Effects of Agent Orange During the Vietnam War

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On April 12, 1961, the first application of the chemical nicknamed Agent Orange was sprayed on Vietnamese foliage in an attempt to stop guerilla warfare, launching a herbicidal disaster ("Herbicidal Warfare"). The consequences of agent orange, unbeknownst to the former government officials, led to a series of catastrophic effects including, but not limited to neurobehavioral and physical anomalies of the human body. As a result of the lacking knowledge of Agent Orange, the United States and Vietnam are still cleaning up the herbicidal mess that could have been avoided (Magnuson). Decades later, scientific evidence proved that the use of the dioxin herbicide Agent Orange was linked to many physical and neurobehavior disorders (Poremba).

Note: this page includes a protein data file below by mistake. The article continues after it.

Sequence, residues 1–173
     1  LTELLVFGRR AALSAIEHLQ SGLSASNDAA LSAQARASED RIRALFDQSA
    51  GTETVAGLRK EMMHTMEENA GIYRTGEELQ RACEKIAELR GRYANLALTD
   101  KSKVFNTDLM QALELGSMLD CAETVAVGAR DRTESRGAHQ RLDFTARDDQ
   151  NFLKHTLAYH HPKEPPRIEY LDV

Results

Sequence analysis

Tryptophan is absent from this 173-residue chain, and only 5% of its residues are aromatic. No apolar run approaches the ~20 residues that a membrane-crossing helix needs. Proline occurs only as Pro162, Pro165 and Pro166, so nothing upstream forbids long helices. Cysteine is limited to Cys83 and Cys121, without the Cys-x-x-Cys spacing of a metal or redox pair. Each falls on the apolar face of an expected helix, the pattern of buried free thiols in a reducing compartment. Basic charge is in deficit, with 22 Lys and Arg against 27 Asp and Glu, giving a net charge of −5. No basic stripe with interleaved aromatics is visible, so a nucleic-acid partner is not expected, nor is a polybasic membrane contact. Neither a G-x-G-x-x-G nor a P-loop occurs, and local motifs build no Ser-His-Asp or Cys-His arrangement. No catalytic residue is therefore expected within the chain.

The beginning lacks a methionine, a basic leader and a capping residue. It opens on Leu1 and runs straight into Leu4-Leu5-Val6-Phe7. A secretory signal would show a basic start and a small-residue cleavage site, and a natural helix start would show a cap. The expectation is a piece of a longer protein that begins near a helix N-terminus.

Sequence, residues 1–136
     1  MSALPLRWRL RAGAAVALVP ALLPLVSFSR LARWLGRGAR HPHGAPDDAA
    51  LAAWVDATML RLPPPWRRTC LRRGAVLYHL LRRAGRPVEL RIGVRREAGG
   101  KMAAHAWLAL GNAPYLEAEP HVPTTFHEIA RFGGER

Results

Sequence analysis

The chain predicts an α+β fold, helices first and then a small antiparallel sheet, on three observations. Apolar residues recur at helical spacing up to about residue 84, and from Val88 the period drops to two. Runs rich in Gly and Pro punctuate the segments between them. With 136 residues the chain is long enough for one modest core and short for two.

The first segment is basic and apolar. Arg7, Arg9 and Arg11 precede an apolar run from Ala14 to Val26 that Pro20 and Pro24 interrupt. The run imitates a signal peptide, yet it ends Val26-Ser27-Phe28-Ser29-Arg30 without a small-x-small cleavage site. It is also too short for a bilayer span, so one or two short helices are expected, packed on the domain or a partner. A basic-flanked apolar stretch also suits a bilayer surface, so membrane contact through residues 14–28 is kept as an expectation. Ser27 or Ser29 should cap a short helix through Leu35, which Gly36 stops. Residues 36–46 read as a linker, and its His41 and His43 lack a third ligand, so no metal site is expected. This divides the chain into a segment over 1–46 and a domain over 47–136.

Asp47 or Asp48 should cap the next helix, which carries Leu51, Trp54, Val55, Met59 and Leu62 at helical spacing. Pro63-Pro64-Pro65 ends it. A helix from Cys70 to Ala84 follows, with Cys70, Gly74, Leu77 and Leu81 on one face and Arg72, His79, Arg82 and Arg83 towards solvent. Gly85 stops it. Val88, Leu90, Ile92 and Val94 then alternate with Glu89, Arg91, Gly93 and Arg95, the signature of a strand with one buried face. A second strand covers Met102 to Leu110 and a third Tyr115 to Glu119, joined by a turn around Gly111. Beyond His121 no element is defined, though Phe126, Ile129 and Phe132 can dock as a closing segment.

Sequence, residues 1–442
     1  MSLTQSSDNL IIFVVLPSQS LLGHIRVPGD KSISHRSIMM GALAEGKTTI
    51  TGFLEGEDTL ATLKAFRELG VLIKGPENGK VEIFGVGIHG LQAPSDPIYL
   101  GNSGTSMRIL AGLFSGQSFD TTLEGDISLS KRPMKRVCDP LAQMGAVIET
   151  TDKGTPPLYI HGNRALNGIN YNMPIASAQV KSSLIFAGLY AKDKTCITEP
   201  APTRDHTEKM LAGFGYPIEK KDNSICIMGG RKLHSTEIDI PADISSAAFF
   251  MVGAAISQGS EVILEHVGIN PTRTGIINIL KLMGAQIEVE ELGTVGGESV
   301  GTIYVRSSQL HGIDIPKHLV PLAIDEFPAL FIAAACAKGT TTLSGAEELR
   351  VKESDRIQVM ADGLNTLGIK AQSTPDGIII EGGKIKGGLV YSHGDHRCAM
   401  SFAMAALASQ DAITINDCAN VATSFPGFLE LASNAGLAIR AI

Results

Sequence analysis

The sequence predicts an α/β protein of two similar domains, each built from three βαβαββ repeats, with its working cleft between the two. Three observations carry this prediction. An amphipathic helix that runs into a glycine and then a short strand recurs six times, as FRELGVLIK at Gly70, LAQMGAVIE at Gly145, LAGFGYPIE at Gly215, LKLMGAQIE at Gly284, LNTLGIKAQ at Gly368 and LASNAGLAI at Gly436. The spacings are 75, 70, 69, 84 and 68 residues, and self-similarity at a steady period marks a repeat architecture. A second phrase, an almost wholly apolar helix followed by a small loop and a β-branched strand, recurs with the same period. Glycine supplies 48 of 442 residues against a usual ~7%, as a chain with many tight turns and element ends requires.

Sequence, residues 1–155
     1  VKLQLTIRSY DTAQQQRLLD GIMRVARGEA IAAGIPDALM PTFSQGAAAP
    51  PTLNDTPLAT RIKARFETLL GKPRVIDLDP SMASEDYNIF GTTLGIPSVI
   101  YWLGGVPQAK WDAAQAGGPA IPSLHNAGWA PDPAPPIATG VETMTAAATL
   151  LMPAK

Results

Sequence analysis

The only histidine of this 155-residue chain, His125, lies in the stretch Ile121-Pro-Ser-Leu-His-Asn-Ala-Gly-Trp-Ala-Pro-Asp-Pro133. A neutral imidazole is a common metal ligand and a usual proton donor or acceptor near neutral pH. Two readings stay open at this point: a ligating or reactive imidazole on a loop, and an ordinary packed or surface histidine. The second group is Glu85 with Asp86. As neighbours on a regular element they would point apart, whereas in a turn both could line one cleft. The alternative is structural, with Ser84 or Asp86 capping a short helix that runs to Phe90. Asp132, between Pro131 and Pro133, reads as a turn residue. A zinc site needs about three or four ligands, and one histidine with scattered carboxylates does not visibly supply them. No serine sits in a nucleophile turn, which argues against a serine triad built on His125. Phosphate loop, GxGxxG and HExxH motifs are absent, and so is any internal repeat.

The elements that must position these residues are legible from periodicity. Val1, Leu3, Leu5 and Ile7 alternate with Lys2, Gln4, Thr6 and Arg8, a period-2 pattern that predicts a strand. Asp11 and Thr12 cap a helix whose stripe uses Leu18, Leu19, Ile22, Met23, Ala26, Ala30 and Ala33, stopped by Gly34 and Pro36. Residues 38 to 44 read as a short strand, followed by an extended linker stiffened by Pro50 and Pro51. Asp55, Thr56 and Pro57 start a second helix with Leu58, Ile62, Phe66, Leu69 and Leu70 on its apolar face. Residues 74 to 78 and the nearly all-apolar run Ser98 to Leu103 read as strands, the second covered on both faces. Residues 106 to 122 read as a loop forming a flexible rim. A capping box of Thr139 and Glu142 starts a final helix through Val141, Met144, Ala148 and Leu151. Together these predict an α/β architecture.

Agent orange became popularized during the Vietnam war when president John F. Kennedy sought radical solutions dealing with Guerilla Warfare (Poremba). He launched a mission called Operation Ranch Hand that lasted 9 years, ceasing in 1971 ("Agent Orange Cancer"). It was said that over 2.6 million soldiers were serving in Vietnam at the time of the mission. The shipments of the chemical arrived in Vietnam inside barrels

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wrapped in an orange identifying strip, coining the nick name 'Agent Orange' ("Agent

Orange and Cancer"). The chemical was sprayed from airplanes on trees, base perimeters, roadways, and communication lines. It was also sprayed by riverboats and trucks (committee, 74). Agent Orange is a dioxin herbicide containing Dichlorophenoxyacetic and Trichlorophenoxyacetic acids. "Dioxin is the most toxic and most durable chemical mankind has developed so far" ("Vietnamese"). Both acids are highly toxic and considered mutagens ("Toxipedia"). Trichlorophenoxyacetic is considerabl...

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